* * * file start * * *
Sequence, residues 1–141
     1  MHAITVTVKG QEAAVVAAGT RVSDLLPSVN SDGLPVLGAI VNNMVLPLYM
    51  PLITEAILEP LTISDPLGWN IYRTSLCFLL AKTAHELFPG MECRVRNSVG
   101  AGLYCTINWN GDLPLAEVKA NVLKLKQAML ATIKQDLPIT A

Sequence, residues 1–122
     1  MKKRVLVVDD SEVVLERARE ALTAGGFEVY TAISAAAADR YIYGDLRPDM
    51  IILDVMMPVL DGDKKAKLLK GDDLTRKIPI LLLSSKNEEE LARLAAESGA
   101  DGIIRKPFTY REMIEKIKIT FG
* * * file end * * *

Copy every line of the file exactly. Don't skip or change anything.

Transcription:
Sequence, residues 1–141
     1  MHAITVTVKG QEAAVVAAGT RVSDLLPSVN SDGLPVLGAI VNNMVLPLYM
    51  PLITEAILEP LTISDPLGWN IYRTSLCFLL AKTAHELFPG MECRVRNSVG
   101  AGLYCTINWN GDLPLAEVKA NVLKLKQAML ATIKQDLPIT A

Sequence, residues 1–122
     1  MKKRVLVVDD SEVVLERARE ALTAGGFEVY TAISAAAADR YIYGDLRPDM
    51  IILDVMMPVL DGDKKAKLLK GDDLTRKIPI LLLSSKNEEE LARLAAESGA
   101  DGIIRKPFTY REMIEKIKIT FG